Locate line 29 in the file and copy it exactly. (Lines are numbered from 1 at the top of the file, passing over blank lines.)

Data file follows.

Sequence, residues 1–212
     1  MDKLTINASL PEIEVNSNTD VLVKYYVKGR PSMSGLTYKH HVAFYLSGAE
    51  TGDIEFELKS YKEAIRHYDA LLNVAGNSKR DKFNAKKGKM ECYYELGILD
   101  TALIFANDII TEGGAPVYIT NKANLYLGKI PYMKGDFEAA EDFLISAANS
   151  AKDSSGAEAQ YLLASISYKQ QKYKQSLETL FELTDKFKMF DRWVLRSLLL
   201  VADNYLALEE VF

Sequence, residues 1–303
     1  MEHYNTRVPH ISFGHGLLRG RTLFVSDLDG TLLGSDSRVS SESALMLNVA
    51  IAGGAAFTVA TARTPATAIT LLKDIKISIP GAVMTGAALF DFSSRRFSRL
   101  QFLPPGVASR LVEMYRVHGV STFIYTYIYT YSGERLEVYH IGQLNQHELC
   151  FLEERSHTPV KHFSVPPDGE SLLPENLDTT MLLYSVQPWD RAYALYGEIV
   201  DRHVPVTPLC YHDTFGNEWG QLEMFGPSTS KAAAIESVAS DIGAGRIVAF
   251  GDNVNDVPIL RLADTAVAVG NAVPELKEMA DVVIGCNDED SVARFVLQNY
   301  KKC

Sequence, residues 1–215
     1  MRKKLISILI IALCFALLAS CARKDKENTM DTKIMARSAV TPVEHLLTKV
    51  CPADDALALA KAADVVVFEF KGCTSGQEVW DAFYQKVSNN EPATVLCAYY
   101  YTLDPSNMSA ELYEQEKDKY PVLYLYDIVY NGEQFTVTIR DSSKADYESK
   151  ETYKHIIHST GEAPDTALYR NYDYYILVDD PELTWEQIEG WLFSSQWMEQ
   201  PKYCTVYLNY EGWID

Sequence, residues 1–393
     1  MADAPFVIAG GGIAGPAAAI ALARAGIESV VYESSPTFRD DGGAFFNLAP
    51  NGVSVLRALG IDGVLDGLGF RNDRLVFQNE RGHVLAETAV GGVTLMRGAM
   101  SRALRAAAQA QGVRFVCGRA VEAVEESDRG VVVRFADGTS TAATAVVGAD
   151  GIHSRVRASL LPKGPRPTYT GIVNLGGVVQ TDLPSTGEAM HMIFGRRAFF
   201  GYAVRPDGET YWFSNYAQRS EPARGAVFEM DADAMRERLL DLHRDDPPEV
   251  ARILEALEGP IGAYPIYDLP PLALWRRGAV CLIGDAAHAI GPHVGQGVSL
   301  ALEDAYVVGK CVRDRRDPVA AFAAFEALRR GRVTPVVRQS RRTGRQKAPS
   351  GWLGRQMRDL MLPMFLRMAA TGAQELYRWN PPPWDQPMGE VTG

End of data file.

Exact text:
   351  GWLGRQMRDL MLPMFLRMAA TGAQELYRWN PPPWDQPMGE VTG